There was already wide speculation before the pandemic about the U.S. economy’s future and how long the good times then underway could last.
Ten years of largely uninterrupted growth had experts wondering when the next bump would come. But Greg Lisiewski, PayPal’s vice president and general manager of consumer credit, told Karen Webster that while lots of people were trying to forecast the economy’s next phase, no one foresaw that a new virus would burn everything to the ground.
“No one was predicting the situation we have — finding yourself in the middle of what is hopefully a once-in-a-millennium-type pandemic,” he said. “I think it’s forced everyone to give up the belief that they have a crystal ball that will help them see exactly when and how all of this is going to end, given that it has led to a whole host of new consumer behaviors that would have been hard to forecast even six months ago.”
In the absence of knowing where consumers are going, retailers' best bet is to meet consumers where they are today, give them what they want and follow them along on journeys across channels, Lisiewski said. And in that spirit, PayPal is announcing Wednesday (Oct. 14) the latest global expansion of its new installment payment product in the U.K., called Pay in 3.
The How’s and Why’s of Pay in 3
Pay in 3 follows the launch of PayPal’s U.S. and French iterations (Pay in 4 and Paiement en 4x) in August and June, respectively. PayPal enters the U.K. market with a similar purpose in mind, Lisiewski noted, to bring PayPal tools and products to merchants to help them tackle the continual challenges of “growing sales and converting customers.”
Customers, he noted, that have particularly over the last year developed a genuine preference for being offered the option to pay in installments as they’ve sought to get greater control of their expenses, cash flow and spending overall in the face of economic uncertainty.
“We're excited to make it available a little bit up against the wire, but in time for holiday,” Lisiewski said. “[Pay in 3] gives consumers optionality based on what they're spending and giving them a chance to help make it match their cash flow.”
When we look back from the true post-pandemic future, Lisiewski said he suspects that there will be a few changes that come to the environment that will be permanent — one of which will be the persistence of point-of-sale (POS) financing offers for consumers.
“What PayPal is seeing today as it looks out over its consumer and merchant base is that that hunger in the market for point-of-sale financing products presents PayPal with a unique opportunity to really put a consistent, ubiquitous set of product types in the market in many regions,” Lisiewski said.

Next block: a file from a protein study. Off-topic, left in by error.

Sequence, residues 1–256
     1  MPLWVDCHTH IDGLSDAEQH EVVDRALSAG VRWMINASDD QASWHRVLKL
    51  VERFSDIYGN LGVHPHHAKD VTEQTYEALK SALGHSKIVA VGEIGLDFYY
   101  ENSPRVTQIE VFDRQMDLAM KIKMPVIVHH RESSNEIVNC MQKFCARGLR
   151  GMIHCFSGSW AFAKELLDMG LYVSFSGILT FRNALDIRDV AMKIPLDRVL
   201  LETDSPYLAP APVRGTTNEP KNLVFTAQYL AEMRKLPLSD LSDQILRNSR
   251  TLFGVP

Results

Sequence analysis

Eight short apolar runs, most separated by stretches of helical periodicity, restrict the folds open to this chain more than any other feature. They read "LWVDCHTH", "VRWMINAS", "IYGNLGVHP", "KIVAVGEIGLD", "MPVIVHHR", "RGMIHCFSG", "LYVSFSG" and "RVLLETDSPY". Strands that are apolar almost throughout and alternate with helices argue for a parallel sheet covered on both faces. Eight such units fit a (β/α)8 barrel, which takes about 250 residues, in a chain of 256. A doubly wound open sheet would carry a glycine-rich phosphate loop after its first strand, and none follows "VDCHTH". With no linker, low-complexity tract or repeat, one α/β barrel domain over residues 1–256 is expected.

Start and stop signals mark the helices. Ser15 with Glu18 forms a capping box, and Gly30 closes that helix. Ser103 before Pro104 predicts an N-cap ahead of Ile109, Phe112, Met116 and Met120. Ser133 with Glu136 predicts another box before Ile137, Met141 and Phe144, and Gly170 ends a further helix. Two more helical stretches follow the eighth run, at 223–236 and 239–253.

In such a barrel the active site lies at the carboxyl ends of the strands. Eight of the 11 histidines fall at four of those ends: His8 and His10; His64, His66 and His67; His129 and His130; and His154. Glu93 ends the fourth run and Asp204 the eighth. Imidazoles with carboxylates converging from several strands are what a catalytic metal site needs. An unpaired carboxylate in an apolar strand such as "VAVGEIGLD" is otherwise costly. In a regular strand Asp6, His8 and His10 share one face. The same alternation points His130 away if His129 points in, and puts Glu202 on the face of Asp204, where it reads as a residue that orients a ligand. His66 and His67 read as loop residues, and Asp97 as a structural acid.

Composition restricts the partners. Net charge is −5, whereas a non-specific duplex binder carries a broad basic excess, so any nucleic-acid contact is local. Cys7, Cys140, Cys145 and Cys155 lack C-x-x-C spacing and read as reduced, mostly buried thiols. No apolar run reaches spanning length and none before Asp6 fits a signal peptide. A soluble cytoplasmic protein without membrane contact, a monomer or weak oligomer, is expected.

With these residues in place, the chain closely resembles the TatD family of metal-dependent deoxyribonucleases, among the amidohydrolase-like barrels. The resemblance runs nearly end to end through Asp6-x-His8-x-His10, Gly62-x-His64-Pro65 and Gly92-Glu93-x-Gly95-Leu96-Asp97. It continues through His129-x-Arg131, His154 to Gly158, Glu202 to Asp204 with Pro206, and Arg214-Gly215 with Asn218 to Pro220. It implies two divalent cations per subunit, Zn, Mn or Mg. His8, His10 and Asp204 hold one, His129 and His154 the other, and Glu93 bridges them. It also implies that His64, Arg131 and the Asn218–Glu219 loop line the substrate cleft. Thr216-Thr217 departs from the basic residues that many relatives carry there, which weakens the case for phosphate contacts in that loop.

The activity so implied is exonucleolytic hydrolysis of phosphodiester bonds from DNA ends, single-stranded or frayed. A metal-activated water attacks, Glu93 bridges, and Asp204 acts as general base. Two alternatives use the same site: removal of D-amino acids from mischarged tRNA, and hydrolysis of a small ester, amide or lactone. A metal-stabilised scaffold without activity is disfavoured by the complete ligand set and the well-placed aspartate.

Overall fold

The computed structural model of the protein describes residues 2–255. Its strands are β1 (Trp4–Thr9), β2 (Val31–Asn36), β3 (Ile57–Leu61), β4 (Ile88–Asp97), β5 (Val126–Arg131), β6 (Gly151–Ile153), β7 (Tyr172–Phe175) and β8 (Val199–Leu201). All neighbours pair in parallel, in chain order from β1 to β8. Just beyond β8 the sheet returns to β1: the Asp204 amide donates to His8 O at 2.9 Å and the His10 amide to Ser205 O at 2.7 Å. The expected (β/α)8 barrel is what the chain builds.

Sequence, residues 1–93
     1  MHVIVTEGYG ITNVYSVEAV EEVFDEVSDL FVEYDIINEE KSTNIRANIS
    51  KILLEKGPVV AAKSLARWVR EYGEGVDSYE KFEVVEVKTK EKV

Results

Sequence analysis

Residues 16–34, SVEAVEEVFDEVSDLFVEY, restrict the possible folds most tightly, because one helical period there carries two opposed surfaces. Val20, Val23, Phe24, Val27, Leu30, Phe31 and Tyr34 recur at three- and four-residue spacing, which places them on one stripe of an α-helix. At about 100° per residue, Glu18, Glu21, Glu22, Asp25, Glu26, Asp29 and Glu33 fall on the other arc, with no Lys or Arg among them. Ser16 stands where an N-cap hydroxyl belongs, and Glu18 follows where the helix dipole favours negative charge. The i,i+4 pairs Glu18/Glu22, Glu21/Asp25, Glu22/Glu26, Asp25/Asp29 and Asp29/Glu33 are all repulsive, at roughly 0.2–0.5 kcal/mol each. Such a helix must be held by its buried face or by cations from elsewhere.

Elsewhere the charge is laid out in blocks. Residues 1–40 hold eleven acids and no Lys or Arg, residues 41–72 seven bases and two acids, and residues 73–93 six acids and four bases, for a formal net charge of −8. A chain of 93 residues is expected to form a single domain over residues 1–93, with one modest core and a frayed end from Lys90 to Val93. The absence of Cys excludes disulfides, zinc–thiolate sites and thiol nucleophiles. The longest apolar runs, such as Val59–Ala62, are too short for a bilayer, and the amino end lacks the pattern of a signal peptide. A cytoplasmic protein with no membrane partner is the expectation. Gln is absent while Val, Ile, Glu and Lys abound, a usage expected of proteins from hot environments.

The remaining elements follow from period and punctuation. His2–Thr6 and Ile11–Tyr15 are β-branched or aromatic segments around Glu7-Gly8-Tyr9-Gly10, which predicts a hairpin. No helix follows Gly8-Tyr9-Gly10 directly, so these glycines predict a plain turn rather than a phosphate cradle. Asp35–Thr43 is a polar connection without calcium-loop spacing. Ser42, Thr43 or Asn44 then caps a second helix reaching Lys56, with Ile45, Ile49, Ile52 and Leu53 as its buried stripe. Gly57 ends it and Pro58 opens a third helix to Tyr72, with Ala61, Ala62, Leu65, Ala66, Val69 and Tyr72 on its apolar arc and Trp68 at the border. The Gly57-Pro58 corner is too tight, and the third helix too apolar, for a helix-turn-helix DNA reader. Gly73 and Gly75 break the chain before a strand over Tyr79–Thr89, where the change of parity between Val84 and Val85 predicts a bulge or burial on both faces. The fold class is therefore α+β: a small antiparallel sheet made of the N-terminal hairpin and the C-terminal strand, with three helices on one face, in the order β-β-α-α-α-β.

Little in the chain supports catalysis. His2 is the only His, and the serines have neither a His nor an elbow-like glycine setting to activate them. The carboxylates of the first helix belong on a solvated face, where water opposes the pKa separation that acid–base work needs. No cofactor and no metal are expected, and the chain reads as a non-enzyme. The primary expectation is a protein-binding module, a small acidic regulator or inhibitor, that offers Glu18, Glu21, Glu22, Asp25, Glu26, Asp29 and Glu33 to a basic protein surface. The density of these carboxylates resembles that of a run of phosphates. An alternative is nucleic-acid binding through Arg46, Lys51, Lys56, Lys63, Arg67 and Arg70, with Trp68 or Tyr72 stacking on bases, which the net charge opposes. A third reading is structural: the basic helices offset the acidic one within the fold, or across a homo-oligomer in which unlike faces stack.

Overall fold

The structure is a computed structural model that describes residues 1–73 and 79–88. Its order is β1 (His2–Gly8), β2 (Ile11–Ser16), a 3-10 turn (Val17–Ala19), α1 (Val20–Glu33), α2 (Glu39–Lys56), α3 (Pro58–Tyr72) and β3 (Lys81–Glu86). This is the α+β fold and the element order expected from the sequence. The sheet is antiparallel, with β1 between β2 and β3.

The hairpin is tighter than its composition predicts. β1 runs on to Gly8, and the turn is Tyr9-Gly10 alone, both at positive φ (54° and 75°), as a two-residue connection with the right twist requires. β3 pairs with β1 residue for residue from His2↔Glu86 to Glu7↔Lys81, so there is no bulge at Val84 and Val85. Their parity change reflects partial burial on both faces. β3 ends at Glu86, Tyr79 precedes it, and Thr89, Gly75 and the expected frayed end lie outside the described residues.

Taking on a Competitive Field
As PayPal eyes expansion for its new take on buy now, pay later, it enters a crowded field, Lisiewski acknowledged, but it enters with advantages. The first of which, he noted, is the scale of more than 300 million consumers and tens of millions of merchants worldwide that PayPal has spent decades building and securing trust on both sides of its platform.
Second, he noted, PayPal can bundle buy now, pay later options like Pay in 3 into the standard PayPal offering for merchants, meaning there is no heavy integration or a series of hoops to go through to get it up and running fairly fast for PayPal merchants.
And perhaps most critically, he noted, having buy now, pay later options as part of an overall PayPal payments experience removes a lot of what he called “the friction of uncertainty” from the buying process itself, making it easier for both the consumer and the merchant to progress toward the conversion they both want.
“What we have a chance to do is simplify the landscape from the consumer lens, so they don't have to wonder, ‘Well, if I go to a merchant, will I have this choice as opposed to if the go to a different merchant?’” Lisiewski said. “A PayPal customer will get to know that this choice is available essentially wherever PayPal is accepted, which to use a really geeky term, lessens the cognitive load.”
Consumers, he noted, have already been through a lot in the last half year. They’ve had to make many hard choices and think through a lot of quick pivots in their own personal lives as they’ve struggled worldwide to cope with an uncertain and unpredictable pandemic. And while PayPal can’t force things to go back to normal, predict when normal is coming back or foresee whether the next normal will even much resemble the old one, what it can do is make it easier for merchants and consumers to connect and transact using whatever payment mechanism works best for them at the time.
It’s an option that now increasingly includes buy now, pay later.